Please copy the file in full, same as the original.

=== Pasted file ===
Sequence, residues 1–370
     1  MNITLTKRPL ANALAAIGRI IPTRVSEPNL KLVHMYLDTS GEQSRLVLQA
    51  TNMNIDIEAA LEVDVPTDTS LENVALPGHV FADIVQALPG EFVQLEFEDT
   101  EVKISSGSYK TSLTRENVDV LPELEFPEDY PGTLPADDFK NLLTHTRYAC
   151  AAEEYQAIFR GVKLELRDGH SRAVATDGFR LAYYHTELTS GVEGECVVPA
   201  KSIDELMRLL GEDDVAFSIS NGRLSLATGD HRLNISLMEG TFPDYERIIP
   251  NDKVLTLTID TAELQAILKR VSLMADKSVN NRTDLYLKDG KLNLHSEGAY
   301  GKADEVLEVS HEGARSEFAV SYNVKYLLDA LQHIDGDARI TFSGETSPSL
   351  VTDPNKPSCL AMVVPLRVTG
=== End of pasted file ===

Sequence, residues 1–370
     1  MNITLTKRPL ANALAAIGRI IPTRVSEPNL KLVHMYLDTS GEQSRLVLQA
    51  TNMNIDIEAA LEVDVPTDTS LENVALPGHV FADIVQALPG EFVQLEFEDT
   101  EVKISSGSYK TSLTRENVDV LPELEFPEDY PGTLPADDFK NLLTHTRYAC
   151  AAEEYQAIFR GVKLELRDGH SRAVATDGFR LAYYHTELTS GVEGECVVPA
   201  KSIDELMRLL GEDDVAFSIS NGRLSLATGD HRLNISLMEG TFPDYERIIP
   251  NDKVLTLTID TAELQAILKR VSLMADKSVN NRTDLYLKDG KLNLHSEGAY
   301  GKADEVLEVS HEGARSEFAV SYNVKYLLDA LQHIDGDARI TFSGETSPSL
   351  VTDPNKPSCL AMVVPLRVTG